The concentrations of antibiotics used here may represent typical of levels of antibiotic pollution. There is limited knowledge about the concentrations of antibiotics found in the environment, however it is now known that antibiotics can persist in the environment longer than previously thought. The time that an antibiotic can persist in the environment differs depending on the class of antibiotic and the environmental conditions. Closed bottle tests provide a simple way to measure the biodegradability of antibiotics and indicate whether or not the antibiotic will readily degrade. Classes of antibiotics such as the β-lactams, tetracyclines, macrolides, lincosamides, penicillin, aminoglycosides, carbapenems, nitroimidazoles, polyene-antimycotics, quinolones, sulphonamides, and glycopeptides have all been found to persist over a 28 day testing period (Al-Ahmad et al., 1999; Alexy et al., 2004). High temperatures and exposure to UV light can cause degradation of some antibiotics. Fluoroquinolone antibiotics can degrade in sunlight, however they are readily absorbed onto sediments, where they have been documented persisting up to 80 days with less than 1% of degradation (Marengo et al., 1997). It would be convenient if resistant organisms destroyed or inactivated antibiotics, however the mechanisms that usually allow resistance involve mutation of binding sites or efflux pumps, meaning that antibiotics are not physically altered and may persist in the environment (Levy, 2002). Following one application of manure, antibiotics and antibiotic resistance genes can persist in the soil for approximately 6 months, depending on environmental conditions, during which time it could be dangerous to consume products that have had direct contact with the soil (Marti et al., 2014). Given the significant time frame in which antibiotics can persist in the environment it is highly likely that they will exist at concentrations near 1/10 the MIC.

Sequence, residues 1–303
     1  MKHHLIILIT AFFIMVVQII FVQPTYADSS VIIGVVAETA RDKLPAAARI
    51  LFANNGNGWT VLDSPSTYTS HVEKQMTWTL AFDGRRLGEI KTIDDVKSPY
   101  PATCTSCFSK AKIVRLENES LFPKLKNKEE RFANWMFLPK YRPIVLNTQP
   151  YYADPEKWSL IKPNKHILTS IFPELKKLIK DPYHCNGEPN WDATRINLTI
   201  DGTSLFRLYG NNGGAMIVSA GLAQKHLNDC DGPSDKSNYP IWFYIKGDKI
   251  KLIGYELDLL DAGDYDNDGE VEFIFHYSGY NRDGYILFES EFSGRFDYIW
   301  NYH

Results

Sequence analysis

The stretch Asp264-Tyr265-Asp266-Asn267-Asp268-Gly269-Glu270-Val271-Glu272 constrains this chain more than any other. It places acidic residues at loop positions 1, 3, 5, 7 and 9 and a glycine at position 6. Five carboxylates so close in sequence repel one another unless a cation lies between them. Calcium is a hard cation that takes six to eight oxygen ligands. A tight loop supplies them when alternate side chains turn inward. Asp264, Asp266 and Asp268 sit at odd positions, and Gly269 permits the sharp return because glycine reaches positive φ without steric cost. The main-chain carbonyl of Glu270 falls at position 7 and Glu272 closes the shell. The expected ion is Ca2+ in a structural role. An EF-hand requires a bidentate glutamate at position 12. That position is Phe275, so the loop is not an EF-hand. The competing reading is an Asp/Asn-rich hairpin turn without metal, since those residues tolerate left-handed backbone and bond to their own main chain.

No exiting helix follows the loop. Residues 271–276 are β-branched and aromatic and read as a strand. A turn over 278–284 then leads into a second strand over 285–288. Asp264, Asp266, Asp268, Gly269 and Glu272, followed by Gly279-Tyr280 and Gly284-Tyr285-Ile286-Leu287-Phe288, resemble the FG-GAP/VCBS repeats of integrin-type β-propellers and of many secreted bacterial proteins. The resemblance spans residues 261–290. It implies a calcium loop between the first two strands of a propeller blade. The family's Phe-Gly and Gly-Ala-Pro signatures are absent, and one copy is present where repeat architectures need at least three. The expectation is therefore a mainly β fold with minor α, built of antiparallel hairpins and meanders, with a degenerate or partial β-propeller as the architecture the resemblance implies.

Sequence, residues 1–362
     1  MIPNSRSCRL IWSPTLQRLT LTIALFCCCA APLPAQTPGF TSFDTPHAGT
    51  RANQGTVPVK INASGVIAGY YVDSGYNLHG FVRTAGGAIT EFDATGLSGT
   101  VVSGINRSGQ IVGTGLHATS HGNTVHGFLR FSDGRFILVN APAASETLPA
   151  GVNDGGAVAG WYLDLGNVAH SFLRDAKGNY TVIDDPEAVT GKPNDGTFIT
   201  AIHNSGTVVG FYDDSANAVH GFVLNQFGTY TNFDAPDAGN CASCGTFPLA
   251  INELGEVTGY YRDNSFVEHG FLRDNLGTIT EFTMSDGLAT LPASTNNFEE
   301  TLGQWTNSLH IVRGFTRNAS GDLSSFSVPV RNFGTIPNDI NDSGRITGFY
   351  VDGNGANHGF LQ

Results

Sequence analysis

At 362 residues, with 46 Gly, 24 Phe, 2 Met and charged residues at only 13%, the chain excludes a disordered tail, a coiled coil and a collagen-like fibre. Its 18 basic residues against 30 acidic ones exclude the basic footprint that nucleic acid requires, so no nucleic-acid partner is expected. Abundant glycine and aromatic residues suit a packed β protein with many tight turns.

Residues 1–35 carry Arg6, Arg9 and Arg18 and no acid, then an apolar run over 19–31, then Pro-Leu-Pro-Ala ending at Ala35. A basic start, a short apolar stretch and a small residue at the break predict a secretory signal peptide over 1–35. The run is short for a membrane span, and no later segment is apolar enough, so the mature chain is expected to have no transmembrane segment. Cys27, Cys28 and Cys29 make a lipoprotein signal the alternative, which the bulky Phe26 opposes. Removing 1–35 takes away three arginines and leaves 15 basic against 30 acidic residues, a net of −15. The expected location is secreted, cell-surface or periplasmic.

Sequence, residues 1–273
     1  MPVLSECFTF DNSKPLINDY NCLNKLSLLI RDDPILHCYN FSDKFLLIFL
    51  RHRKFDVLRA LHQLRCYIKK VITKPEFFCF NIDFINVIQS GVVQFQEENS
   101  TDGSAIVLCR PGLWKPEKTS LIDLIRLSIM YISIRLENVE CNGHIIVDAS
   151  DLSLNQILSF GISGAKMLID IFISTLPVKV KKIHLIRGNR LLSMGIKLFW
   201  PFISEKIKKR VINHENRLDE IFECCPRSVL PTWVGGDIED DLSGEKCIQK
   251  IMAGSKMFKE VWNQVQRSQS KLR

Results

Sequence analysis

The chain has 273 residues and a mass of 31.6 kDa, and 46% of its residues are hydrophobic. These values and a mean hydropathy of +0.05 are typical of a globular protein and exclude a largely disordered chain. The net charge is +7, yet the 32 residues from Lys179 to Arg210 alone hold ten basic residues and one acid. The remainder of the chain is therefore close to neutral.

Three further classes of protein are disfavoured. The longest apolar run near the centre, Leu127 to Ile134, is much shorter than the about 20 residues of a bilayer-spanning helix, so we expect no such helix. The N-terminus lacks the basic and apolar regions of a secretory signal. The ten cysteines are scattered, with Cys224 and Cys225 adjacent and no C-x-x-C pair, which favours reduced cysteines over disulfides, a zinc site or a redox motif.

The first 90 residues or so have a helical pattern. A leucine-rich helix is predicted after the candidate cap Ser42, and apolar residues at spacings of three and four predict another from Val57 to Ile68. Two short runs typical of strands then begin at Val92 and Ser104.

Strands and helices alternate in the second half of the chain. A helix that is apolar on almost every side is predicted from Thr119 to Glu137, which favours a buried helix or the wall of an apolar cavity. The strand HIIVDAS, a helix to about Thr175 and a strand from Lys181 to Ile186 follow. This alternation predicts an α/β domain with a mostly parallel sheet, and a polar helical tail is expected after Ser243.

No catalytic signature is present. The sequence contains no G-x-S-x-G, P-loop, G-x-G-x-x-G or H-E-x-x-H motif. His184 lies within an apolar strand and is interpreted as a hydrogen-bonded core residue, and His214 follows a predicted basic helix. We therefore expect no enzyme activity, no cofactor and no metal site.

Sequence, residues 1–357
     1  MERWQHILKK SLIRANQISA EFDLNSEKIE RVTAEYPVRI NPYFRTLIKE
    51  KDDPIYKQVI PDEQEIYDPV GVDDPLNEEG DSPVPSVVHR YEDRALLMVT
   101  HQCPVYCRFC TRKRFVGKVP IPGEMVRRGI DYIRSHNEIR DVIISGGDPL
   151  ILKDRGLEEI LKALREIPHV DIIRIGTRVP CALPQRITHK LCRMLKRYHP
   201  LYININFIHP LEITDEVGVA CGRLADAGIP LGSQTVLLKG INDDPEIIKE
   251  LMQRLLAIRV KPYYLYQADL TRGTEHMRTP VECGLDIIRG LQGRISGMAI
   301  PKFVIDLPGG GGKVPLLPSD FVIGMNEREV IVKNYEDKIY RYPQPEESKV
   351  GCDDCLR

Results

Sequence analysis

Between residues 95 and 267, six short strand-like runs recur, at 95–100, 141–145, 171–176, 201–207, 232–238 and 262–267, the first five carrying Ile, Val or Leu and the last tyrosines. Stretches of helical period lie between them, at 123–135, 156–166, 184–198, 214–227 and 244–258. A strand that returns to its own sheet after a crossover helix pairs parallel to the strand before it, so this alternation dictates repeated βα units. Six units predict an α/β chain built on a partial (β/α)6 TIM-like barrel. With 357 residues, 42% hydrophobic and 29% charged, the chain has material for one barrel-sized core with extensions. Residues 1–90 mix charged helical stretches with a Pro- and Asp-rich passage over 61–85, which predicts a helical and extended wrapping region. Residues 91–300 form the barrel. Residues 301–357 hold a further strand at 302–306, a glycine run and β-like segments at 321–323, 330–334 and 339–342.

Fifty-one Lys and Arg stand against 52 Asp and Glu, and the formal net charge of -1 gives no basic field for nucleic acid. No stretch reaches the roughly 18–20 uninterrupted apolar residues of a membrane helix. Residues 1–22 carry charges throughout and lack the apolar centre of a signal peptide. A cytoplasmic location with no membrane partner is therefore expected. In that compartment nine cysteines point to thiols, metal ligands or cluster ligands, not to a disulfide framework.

The concentration at which antibiotics may occur in the environment is affected by several factors: substrate, proximity to source of antibiotics, environmental conditions and the antibiotics themselves. Testing of rivers and oceans have detected the presence of antibiotics, most notably sulphonamides and quinolones which were found at high concentrations in a number of environments. Sulphonamides were detected in water (0.86–1563 μg/L) (Hirsch et al., 1999; Luo et al., 2011; Li et al., 2012; Zhang et al., 2013) and quinolones were detected in sediments and plants (65.5–1166 and 8.37–6532 μg/kg, respectively) (Li et al., 2012). The antibiotic concentration of 1/10 the MIC easily falls into the ranges of antibiotic pollution detected in these waterways, indicating that the results of this study are likely to represent the rates of mutation and recombination taking place in environments polluted by antibiotics.